Very early diagenetic processes of free, esterified and amide or glycosidically bound fatty acids and hydroxy fatty acids present in well documented samples of living and decomposing eelgrass (Zostera marina L.) were investigated. Free and esterified fatty acids decreased significantly over a period of decay of 12.5 years, although their distribution patterns were largely unchanged. Amide or glycosidically bound alpha-hydroxy fatty acids and the newly recognized alpha,beta-dihydroxy fatty acids were not degraded. Thus both, but in particular the alpha,beta-dihydroxy fatty acids, may serve as potential biomarkers for the recognition of eelgrasses in palaeoenvironments. The increasing amounts of omega-hydroxy fatty acids and alpha,omega-dicarboxylic fatty acids upon decay indicate bacterial transformations of eelgrass lipids. This bacterial action was further demonstrated by a substantial increase of amide-bound beta-hydroxy fatty acids derived from LPS of gram-negative bacteria. [KEYWORDS: Early diagenesis; seagrass; eelgrass; zostera marina l; fatty acids; hydroxy fatty acids; alpha;beta-dihydroxy fatty acids; alpha;omega-dihydroxy fatty acids Sediments; bacteria; lipids; seagrasses; mode; lake]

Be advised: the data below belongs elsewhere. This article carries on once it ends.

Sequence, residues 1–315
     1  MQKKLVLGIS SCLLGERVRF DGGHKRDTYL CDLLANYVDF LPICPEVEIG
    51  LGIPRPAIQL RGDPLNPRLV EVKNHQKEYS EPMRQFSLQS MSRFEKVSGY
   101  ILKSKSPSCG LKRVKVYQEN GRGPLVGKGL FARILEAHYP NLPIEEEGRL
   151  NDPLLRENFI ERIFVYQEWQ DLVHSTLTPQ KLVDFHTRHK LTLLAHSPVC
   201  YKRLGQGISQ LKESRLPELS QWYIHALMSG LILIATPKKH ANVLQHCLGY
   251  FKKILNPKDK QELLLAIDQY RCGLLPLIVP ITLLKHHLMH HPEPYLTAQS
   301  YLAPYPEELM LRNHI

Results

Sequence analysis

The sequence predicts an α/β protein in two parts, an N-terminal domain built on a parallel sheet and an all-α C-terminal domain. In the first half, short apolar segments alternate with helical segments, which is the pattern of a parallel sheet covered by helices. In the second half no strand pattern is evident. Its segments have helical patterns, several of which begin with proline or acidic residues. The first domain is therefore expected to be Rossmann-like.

Original languageEnglish
JournalOrganic Geochemistry
Journal publication date1995

ID: 264760